LAKE BUENA VISTA, Fla. — There was a time when the man sitting here could do almost anything.
“I have a lot of talent,” J.R. Smith says simply. “I could have probably gone professional at three or four different sports.”
Smith is not bragging, and this is not hyperbole. Some athletes overstate their ability to play other sports—whenever an NFL player says he could have been an Olympic sprinter, be skeptical. But Smith is the exception. He really is that talented. He has played 16 seasons in the NBA, but he received high Division I interest in football before giving it up, and he was better at baseball than both. Basketball, Smith says, “was just always my first choice since I was 3.”
Now he is 35. In 90 minutes, Smith’s Lakers will take the floor for Game 2 of the Finals. A starter would never do an extended interview so close to tipoff in the Finals, but these days, J.R. Smith spends most of his time watching from the Lakers’ bench. He is thankful to be there.
Prodigies move fast, and Smith sure did. He went to the NBA straight out of high school in 2004. Since then, he has earned more than $80 million and has won a championship (with the 2016 Cavaliers). He has also made some prominent mistakes, ranging from comic to tragic. The mention of his name can elicit a snicker or a cheap joke, and it’s easy to forget both the breathtaking athletic gifts and the fact they belong to an actual human being.
Sometimes Smith looks back on the prodigy he was, and he can’t quite believe it. Turning pro when you’re 18 sounds great when you’re 18. It seems crazy at 35.
“You know, you turn 18, 19 you're thrown a s---ton of money and, you've been, quote, unquote, ‘the guy’ from a high school to AAU, and then you go to a team that hasn't won anything,” Smith says. “You're in a bad situation with a bad franchise, you don't know it at that point in time."
Pro sports dangle the promise of what we think we want: Money, fame, adulation. Smith grabbed enough of all of it to think, at times, that it was real happiness. He knew something was wrong, but it was hard to know what it was. After all, it couldn’t be him. He was a success.
He spent two seasons with the New Orleans Hornets and then got shipped to Denver. His talent was obvious, but nobody could quite figure out how to cultivate it. Immature is the catch-all word in sports, the one we use for a guy who did not see eye-to-eye with coaches; who did not always play defense; and who drove too fast. In 2009, Smith sped through a stop sign and hit another car, killing his passenger, his close friend Andre Bell. Smith was devastated. Only now, looking back, does J.R. see J.R. with clarity.
“I would say I was lost now,” he says. “Then, I wouldn't say I was lost. I thought I knew exactly who I was, who I was going to be, where I wanted to be.”
In 2009, a few months after the accident that killed Bell, Smith announced that he wanted to be known as Earl, his birth name. (He is Earl Jr..) It was an indication that he wanted a fresh start. He did not get his wish. “Everybody knows him as J.R., so nobody called him Earl,” Earl Sr. says. J.R.’s story was no longer his to tell.
“I was trying to please my parents, I was trying to please the organization, trying to please my peers, trying to please my friends, trying to please my girlfriend at the time,” Smith says. “I was just trying to please so many different people and it just wasn't working out.”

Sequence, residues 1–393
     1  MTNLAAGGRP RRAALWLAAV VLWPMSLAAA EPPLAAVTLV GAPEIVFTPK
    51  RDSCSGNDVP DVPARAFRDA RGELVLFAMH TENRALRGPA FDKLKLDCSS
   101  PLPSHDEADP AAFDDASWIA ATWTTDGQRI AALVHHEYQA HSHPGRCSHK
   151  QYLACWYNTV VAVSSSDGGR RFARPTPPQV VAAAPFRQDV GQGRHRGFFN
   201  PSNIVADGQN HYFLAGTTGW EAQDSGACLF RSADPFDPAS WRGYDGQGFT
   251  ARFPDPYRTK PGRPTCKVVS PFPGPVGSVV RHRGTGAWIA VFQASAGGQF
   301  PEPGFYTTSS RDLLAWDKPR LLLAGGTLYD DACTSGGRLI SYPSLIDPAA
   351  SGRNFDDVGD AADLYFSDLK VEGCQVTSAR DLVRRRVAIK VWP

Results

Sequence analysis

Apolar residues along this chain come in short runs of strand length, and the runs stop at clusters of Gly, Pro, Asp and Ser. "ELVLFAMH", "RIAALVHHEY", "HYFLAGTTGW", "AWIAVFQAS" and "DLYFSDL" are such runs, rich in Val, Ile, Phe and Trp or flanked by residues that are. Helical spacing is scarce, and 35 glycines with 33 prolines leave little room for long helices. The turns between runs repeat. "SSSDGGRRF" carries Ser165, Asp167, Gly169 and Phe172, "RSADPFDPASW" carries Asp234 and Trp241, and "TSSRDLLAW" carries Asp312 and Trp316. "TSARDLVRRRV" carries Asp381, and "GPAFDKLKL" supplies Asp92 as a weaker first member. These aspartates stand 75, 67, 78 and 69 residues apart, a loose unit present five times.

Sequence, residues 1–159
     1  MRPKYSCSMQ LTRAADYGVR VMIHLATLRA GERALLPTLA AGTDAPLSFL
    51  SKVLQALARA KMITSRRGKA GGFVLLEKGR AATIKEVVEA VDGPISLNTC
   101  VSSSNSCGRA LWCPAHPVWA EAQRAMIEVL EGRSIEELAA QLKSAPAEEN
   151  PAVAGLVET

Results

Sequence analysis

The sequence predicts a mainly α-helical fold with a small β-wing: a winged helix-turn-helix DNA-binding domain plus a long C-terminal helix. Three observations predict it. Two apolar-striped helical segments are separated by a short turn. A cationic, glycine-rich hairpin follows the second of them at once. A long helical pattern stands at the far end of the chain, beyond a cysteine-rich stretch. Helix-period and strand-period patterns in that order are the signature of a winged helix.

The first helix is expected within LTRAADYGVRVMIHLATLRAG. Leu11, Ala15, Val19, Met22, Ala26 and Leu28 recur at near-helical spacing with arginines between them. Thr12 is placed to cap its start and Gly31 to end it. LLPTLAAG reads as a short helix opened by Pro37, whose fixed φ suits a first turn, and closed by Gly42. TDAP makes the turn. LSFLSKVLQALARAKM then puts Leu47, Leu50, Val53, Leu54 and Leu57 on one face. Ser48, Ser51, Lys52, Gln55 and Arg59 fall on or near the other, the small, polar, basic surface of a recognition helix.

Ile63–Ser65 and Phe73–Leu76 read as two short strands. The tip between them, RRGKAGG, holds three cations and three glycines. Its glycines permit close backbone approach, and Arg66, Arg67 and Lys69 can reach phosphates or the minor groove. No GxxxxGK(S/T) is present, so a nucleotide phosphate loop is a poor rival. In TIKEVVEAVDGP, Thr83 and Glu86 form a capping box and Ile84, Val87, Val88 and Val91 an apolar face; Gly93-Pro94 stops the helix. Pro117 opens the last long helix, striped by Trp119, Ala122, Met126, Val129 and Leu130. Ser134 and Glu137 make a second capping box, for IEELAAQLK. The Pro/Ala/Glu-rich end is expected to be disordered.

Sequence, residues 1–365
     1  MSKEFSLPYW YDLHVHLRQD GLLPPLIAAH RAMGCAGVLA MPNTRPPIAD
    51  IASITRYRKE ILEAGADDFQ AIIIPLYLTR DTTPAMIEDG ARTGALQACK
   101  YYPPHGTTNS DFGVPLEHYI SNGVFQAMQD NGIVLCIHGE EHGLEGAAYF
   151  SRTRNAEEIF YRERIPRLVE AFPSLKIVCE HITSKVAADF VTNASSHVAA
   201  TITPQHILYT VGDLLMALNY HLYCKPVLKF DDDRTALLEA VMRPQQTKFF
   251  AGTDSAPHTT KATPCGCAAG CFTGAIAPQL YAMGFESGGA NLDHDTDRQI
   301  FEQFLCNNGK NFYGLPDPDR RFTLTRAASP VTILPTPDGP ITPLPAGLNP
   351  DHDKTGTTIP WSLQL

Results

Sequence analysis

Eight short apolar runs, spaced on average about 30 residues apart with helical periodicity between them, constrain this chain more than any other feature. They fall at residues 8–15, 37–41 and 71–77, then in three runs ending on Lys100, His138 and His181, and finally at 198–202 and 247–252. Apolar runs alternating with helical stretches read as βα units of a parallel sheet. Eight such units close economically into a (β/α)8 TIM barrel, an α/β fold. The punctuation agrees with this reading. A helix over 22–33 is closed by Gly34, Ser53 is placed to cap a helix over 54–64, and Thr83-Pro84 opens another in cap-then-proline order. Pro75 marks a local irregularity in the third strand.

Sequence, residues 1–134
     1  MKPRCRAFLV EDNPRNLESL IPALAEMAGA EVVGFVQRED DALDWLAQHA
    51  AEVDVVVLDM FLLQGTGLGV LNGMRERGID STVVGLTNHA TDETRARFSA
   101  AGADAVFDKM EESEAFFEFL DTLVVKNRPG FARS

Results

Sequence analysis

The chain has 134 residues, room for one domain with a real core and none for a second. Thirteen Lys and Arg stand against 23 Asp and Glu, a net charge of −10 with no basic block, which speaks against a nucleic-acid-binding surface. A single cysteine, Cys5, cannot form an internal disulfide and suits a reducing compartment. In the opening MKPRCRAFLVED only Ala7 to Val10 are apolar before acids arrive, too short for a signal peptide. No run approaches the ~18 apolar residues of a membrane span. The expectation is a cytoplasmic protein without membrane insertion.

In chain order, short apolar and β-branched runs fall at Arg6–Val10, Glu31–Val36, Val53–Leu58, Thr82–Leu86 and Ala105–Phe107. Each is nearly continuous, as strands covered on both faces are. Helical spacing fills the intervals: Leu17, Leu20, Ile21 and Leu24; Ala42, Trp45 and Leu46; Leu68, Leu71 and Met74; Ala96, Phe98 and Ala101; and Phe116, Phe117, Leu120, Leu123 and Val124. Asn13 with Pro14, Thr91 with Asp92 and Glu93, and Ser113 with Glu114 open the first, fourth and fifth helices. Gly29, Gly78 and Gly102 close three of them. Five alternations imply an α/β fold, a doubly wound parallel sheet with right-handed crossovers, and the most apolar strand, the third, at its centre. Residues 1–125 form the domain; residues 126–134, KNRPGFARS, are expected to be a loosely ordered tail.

Maybe now it would be different. The NBA is a more understanding place than it was in 2004. A player can scream or sob and expect somebody to hear it. Ask him what he would tell young J.R., and he says:
“More than anything, just be conscious of the words you speak. You know, the words you speak [are] just a thought process. And the thought process becomes your character … it just goes on down the line in life. You don't really want to fall into that into that rabbit hole.”
His public image ran so far ahead of him that he could never chase it down. He had to find a place for his private self somewhere in his public life. Earl says, “Maturity sets in at a certain age. It could be at 18 or at 35. Maturity sets in gradually on everybody—some later than others. He realized certain ways things had to be done.”
Smith says having three daughters changed him: “I wouldn't say I softened up, but I smartened up, because raising young women today in this generation, this day and age, they're not protected.” After a lifetime of action sports, he picked up golf as an adult and says his official handicap index is a 2.7, but he is probably playing closer to an eight now because he hasn’t had time to practice.
There are fair questions about whether he has fully matured. (This summer he chased down a vandal who broke his car window and proudly declared that he “whooped his ass.” Smith did not face charges.) But he has clearly changed as a player and a teammate, and the proof is this: He has played just nine minutes in the Finals and the Lakers are still happy to have him.
“I feel like I have to give just to the game,” he says. “Not to nobody else. Not to the players, not to the coaches, not to the refs, and not to the fans—not to anybody else. Just that ball and that court. If you love the game, the game will always love you back.”
For most of Game 4, Smith stood in front of the Lakers bench—sometimes with his arms folded, more often bending over with his hands on his knees. Sometimes he exhorted his teammates to play defense. The guy who could do almost anything in sports is just another guy on the team now. He’s good with it.